This boom was helped by the fact that from March 1, everyone over the age of 16 has the right to receive the vaccine in the Virgin Islands – so tourists do not even have to worry about reducing the order. The territory can also receive about 100 entries each day. “Nowhere else in the U.S. can you actually just go in and get the vaccine, no one over the age of 16,” Mr. Bryan said Monday. The island was also opened on March 1 by two federally supported community vaccination centers in St. Louis. Thomas and St. Croix.
U.S. travelers also face less bureaucracy when visiting the U.S. Virgin Islands compared to other Caribbean destinations. If they to hand over a negative coronavirus test within five days of leaving the territory or a positive antibody test done within four months, they do not have to be quarantined upon arrival. Passengers in Jamaica i Barbadosunlike them, quarantines are required no matter what. And American travelers cannot visit the Cayman Islands if they do not adhere to strict rules eligibility criteria.
Dr. Hunte-Ceasar said that at this time, the Ministry of Health did not consider tourism vaccines a problem. “We definitely want to make sure locals get vaccinated,” she said. But “we had no shortcomings in serving both populations.” The Virgin Islands currently has 27,000 doses of Pfizer, 18,900 doses of Moderna and 600 doses of Johnson & Johnson, said Monife Stout, director of immunization.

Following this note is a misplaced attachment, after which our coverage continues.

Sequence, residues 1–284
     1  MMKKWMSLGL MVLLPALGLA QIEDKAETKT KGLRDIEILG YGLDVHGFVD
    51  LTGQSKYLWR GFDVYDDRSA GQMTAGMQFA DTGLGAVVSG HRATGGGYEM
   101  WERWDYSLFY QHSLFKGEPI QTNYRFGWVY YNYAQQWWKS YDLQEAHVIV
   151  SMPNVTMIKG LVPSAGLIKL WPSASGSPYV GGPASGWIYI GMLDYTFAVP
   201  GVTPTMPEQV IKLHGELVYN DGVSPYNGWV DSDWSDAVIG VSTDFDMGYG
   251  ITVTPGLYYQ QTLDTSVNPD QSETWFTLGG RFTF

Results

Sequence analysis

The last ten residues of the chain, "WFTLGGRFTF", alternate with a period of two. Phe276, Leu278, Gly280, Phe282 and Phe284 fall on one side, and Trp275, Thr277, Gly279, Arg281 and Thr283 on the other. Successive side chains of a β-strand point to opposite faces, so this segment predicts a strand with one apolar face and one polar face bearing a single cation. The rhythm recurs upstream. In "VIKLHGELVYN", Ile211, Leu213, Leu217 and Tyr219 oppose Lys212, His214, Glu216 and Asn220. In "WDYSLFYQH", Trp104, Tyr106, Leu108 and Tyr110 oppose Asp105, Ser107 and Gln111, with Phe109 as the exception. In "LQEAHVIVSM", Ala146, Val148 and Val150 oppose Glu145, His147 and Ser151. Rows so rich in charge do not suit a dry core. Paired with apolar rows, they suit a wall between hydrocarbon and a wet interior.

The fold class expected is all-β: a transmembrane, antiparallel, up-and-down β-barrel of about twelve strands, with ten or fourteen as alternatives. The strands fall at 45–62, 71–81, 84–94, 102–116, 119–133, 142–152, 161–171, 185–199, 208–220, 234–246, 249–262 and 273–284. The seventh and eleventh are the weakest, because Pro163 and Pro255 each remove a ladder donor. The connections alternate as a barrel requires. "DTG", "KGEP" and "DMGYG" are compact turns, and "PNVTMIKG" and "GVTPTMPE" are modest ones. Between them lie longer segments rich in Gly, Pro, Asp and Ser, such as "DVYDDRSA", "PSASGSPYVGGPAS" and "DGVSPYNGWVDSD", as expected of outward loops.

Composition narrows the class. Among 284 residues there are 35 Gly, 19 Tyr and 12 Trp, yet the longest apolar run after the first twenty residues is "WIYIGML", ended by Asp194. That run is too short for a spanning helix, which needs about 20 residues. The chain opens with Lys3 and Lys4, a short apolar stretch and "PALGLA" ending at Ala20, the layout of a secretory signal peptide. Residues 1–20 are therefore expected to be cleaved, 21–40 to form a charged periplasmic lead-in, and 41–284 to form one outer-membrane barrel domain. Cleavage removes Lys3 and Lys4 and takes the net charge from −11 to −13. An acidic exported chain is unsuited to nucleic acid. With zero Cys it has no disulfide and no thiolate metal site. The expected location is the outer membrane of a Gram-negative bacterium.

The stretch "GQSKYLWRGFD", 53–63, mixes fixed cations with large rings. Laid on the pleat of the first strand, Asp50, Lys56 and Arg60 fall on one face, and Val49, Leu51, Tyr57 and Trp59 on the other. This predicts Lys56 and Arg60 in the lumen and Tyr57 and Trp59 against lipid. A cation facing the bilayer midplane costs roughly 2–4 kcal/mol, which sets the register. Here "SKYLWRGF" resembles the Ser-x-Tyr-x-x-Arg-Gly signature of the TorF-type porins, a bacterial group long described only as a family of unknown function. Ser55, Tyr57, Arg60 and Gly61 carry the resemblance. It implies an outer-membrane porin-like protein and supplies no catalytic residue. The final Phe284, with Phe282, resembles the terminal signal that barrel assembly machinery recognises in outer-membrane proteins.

Noreen Michael, a researcher at the University of the Virgin Islands who studies health differences, agreed it was crucial to make vaccines available to residents who wanted them, but said she saw no evidence to suggest that tourists take vaccines from residents who wanted them. “As far as public health is concerned, it’s a plus,” she said. “As for capital, I don’t see it as a significant issue.”
Perhaps vaccine tourism could also be used as a force for good – to provide doses to marginalized groups in other regions. Although the Virgin Islands offer free Covid-19 vaccines, the islands could charge tourists for their vaccines, and the funds could be used to send vaccines to regions in need, said Felicia Knaul, an international health economist at the University of Miami. “Can we send those vaccines to Jamaica, the Dominican Republic or Haiti?” she asked. “Once you go through the key aspects of welfare and human rights, if you can use that funding to pay people who don’t currently have access, I think it’s worth considering.”
For now, health authorities are focused on ways to reduce vaccine volatility in the area. “People approach misinformation and continue to lie and do things that are harmful,” said Dr. Hunte-Ceasar at a press conference last week. As a result, the islands are experiencing a sharp rise in cases and hospitalizations, which she said gave her “chest pain and heartburn every night”. Although vaccine variability appears to be declining, residents will have to start accepting the vaccine widely if the islands want to meet their goal of vaccinating 50,000 Virgin Islands by July 1st.
Meanwhile, visitors from the continental United States will continue to take advantage of additional doses. Some stayed longer than planned – and even considered moving to the islands forever.
“I started falling in love with the culture of St. Croix,” said Hemal Trivedi, a documentary filmmaker who lives in Weehawken, NJ, and was vaccinated in St. Louis in February. Croix. “Towards the end of the trip, we were actually looking for a place to buy.”